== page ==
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Action points
  1. Tim Albert

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    Q: Should we be worried about people buying medicines on the internet?

    Researchers in Australia surfed the web and found 104 sites in 13 different countries where they could obtain Sudafed and St John’s wort products. The researchers later received products from 27 of these websites. They concluded that the quality of information was poor. Only 63 of the sites had any information, and there were some potentially dangerous omissions: only three suppliers of the St John’s wort provided adequate warnings on the several known dangerous interactions. “We conclude that internet technologies should be used to develop ethical and innovative practice models that make the management of medications for consumers easier, simpler, and safer to achieve positive health outcomes, but surfing and self-medicating is currently not safe”. See page 88

    ▸ ACTION POINT

    Patients may be unaware of the dangers of the medicines they buy on the internet.

    Q: Do hospitals have a culture of safety?

    Investigators sent a questionnaire to 6312 employees (all attending physicians, all senior managers and 10% of other staff) in 15 hospitals in the California Patient Safety Consortium. The questionnaire looked at attitudes related to a safety culture and measured “problematic responses”—answers considered antithetical to patient care. A “substantial minority” (18%) of the answers were considered “problematic”, with 39% of respondents saying they had witnessed a co-worker doing something unsafe, and 28% believing they would be disciplined if a mistake was discovered. The culture varied from hospital to hospital. Clinicians in general, and nurses in particular, gave more “problematic responses” than senior managers. “Non-clinician senior managers answered more often in ways consistent with a culture of safety than did personnel who actually take care of patients”, say the authors. See page 112

    ▸ ACTION POINT

    Senior managers need to do more if they want to introduce a culture of safety into their hospitals.

    Q: How do health professionals feel about clinical practice guidelines?

    A group of researchers in The Netherlands sent a questionnaire to 1656 dentists asking them what they thought of evidence-based clinical practice guidelines. Just over half (54%) agreed that it was “important that clinical practice guidelines should be developed to support dental general practitioners in clinical decision making”. Slightly more (56%) said they were afraid that clinical practice guidelines would severely limit the freedom of choice for dentists. The authors write: “To achieve successful implementation of clinical practice guidelines it will be necessary to discuss the advantages and disadvantages with dentists continuously, to emphasise the positive aspects, and to ascertain that the proposed diagnostic and treatment strategies contained in a guideline will decrease the occurrence of the reported negative aspects.” See page 107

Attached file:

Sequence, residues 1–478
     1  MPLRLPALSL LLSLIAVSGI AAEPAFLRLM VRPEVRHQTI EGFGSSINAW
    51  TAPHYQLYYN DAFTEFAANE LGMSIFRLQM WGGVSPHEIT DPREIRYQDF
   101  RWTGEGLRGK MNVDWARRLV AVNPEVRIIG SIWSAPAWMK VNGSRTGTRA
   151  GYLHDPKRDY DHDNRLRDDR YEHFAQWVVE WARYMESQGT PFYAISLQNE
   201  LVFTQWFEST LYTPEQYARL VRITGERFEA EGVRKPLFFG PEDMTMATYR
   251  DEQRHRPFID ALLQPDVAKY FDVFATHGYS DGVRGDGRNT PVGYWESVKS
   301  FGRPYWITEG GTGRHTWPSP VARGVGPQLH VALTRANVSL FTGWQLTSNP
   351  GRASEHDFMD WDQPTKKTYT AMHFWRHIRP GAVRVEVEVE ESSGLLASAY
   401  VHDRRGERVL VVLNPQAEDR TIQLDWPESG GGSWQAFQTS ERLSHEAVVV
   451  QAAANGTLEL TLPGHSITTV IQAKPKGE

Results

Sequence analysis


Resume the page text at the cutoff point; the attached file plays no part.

▸ ACTION POINT

    If clinical practice guidelines are to be effective, health professionals need to be convinced of their value.

    Q: Can we use financial incentives to improve quality of care?

    Increasingly, concerns have arisen about the quality of healthcare provision. Health workers are worried, costly errors keep occurring, and evidence is growing that many treatments are ineffective and inappropriate. In this review the authors argue that we need to improve processes, disseminate knowledge, and engage patients. Payment mechanisms and the use of financial incentives could be used to do this, but the authors warn that there will be “significant challenges”. We do not yet have enough evidence on what works, direct and indirect costs will be daunting, and the complexity of the healthcare sector means that any approach is likely to have unintended consequences. The authors write: “Recognising the inherent limitations of any one method or strategy implies the need to use a blend of approaches with complementary effects”. See page 100

    ▸ ACTION POINT

    We have much to do if we are to use financial incentives to improve quality of health care.

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    Footnotes

    • Compiled by Tim Albert

    • Note: The purpose of this page is to encourage dissemination of the findings in QSHC, particularly to managers. Please feel free to photocopy this page and pass it on.

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